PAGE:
Sweat, fashion and exercise inequality
So I’ve been trying out this new thing lately where I wear exercise gear in normal situations. It hasn’t really been going very well. People at coffee shops look at me sort of strangely when it’s clear that I didn’t just scoot past to pick up a takeaway and that I’m going to be sitting my sweaty ass there for real. When I meet mates for lunch, or hell, even to go for a walk, which is a form of exercise anyway, they unconsciously do that thing where their nose wrinkles slightly and their face says ‘Seriously, mate, what is wrong with you?’ I have crossed the divide between personal or group fitness and the outside world, and this, I have been informed in not so many words, is completely and utterly unacceptable. And the worst part is, I got the idea from most of the women I see in the street every day.
If you live in the ‘burbs, where everyone is always in a rush all the time, you’ll have noticed the same phenomenon I have. It’s something Nadine already picked up on a while ago with her Do’s and Don’t of Exercise Attire, but somehow over the last five or ten years, ladies have surreptitiously managed to turn gym gear into everyday wear and completely get away with it. The high priestesses at Lulu Lemon, Lorna Jane and Running Bare have turned the art of a brisk jog into a catwalk that has no endpoint. At almost any point other than Saturday night on a weekend, it’s possible to meet a woman in cute little Nike Frees and matching yoga pants and you’re going to have to treat it like it’s completely normal. Nobody says to a lady “That is freaking gross, as if you didn’t go home to change!” And yet that’s what I’ve been copping, even at the times when I didn’t even go to the gym at all.
Nobody likes double standards less than I, which is why I embarked on this new plan of spending the whole of Saturday and Sunday dressed like a total schlock to see what people would say. As the strange looks kept coming over the course of the afternoon, I realised that the primary reason women get away with wearing jogging clothes in public is that they spend significant amounts of money to make sure they actually make them look better than regular duds. Seriously, there’s not one pair of pants at Lulu Lemon under $109. I don’t think God pays that much to do yoga.
Forgive me if I’m wrong, but the whole point of exercise gear - unless you do this kind of thing for a living - is that you sweat through it and eventually destroy it, so it’s meant to be those embarrassing slogan T-shirts, old shorts and Balinese beer singlets all the way. The idea of spending more money than I would on a pair of jeans on trackpants seems just a bit ridiculous, even if they were designed by Jeremy Scott and managed to offend three different racial minorities just by existing. If you have three pairs of sneakers to match your colour-coded shorts and tanks and you only really work out properly twice a week, there are some charities in Africa you should be talking to.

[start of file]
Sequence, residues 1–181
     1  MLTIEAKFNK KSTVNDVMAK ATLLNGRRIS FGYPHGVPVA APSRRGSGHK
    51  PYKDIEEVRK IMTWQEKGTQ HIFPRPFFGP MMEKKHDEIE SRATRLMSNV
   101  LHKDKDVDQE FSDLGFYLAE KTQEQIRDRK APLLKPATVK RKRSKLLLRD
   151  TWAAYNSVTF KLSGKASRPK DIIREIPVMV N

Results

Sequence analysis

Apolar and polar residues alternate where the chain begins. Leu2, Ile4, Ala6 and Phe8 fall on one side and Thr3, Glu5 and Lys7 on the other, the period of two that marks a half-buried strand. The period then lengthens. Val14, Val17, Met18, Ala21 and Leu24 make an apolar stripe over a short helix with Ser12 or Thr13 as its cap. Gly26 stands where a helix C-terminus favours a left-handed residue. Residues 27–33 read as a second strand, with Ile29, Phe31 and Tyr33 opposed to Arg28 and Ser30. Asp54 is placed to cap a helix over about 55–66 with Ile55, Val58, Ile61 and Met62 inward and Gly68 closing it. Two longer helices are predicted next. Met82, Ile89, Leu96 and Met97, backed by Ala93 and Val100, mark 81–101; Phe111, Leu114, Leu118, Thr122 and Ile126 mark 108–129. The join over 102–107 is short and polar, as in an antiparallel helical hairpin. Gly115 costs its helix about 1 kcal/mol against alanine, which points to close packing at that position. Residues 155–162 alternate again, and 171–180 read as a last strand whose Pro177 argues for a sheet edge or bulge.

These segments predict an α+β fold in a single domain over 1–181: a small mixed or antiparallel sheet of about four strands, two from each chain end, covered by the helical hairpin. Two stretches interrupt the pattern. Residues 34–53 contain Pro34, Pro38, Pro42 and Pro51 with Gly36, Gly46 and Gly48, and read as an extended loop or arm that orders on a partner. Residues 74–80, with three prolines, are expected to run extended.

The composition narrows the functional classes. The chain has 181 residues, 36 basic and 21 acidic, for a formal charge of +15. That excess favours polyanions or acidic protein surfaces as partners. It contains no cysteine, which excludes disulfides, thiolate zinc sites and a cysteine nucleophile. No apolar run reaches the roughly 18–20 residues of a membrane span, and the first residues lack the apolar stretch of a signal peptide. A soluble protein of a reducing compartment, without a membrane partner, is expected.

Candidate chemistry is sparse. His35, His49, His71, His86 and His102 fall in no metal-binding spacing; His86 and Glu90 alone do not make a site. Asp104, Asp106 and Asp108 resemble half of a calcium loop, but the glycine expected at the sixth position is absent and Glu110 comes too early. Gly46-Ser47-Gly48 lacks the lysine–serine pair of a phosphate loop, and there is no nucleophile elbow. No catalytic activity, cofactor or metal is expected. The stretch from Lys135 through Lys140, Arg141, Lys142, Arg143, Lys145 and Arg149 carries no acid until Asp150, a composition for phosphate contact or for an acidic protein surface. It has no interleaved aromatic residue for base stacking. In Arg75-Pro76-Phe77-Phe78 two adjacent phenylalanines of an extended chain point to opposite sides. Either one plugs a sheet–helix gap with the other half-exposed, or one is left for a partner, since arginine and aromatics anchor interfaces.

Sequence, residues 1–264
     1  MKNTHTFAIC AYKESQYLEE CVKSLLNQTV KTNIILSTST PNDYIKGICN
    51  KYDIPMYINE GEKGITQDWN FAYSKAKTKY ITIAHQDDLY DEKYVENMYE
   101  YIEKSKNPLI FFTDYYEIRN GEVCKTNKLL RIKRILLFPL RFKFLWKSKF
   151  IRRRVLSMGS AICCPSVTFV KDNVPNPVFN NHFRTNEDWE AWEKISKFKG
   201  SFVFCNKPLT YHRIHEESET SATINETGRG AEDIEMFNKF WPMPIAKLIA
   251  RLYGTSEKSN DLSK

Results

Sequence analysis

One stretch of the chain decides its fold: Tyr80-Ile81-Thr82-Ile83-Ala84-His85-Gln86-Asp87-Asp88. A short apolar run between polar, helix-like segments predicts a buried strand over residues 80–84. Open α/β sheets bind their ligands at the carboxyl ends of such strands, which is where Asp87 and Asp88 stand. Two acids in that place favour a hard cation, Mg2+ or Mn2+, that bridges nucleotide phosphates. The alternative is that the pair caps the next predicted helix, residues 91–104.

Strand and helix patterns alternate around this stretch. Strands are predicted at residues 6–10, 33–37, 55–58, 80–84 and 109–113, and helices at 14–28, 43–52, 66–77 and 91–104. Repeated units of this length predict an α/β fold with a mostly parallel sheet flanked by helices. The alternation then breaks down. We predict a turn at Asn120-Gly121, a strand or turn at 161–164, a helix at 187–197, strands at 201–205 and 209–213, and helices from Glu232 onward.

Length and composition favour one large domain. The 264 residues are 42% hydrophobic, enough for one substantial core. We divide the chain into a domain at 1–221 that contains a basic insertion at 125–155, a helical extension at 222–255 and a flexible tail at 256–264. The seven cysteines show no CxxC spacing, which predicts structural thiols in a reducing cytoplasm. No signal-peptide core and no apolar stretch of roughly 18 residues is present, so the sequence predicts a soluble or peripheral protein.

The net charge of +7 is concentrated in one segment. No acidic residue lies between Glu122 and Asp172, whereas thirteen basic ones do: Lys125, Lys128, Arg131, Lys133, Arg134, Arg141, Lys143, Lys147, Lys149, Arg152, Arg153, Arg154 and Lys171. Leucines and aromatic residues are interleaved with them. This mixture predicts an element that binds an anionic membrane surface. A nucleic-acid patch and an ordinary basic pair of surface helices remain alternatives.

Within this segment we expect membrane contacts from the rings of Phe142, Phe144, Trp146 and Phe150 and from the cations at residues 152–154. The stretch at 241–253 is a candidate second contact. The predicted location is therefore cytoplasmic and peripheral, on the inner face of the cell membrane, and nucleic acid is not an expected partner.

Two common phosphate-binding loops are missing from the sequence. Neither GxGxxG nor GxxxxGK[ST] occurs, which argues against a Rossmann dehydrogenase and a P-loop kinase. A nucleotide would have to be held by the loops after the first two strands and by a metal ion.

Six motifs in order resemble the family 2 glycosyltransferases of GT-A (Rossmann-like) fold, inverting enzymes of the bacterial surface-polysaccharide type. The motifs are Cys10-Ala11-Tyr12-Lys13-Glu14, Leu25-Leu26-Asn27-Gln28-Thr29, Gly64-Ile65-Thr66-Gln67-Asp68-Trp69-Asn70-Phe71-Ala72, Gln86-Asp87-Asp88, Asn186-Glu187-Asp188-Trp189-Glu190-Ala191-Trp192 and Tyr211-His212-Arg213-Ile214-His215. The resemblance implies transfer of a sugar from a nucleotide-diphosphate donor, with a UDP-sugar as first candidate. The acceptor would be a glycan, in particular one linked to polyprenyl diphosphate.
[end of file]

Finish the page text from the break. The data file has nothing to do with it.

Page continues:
Part of this, I feel, has to do with the dramatic increase in public forms of exercise and our subsequent obsession with appearing healthy. I’ve lived in the same area my entire life and never have I seen so many packs of runners on the street, boxers by the beach in the morning and cyclists pulling over en masse to stop for a coffee as I have in the last five years. We’re not stupidly buying Ab-Dominators and getting fit in the privacy of our own homes or small local gyms anymore (have you been to a Fitness First lately? It’s like the boys wax their hair especially before they go in). Rather, physical health has become a visible part of existence, and with it comes the inevitable need to look better when shvitzing than that other skank from down the road. This includes when you have no intention of doing anything but walking down said road with a latte to your car parked twenty metres away.
After being belittled one time too many, I asked a friend of mine who was heading down to Bondi for a jog in exactly the get-up I just described what the deal was. “The reason girls love to wear this stuff is it gives them an excuse to be casual,” Jodi explained. “When you have trackies and runners on, you don’t have to worry about putting on make-up or doing your hair. You can just roll out of bed and do whatever you want.” She confided that she and her friends often wore their Exercise Uniforms without having any intention of actually exercising at all, just so they didn’t have to think about what to wear. I told her that I had tried for the exact same philosophy, and nosedived spectacularly.
“But of course you did!” she laughed, “You’re a boy!”
(Images via Shutterstock)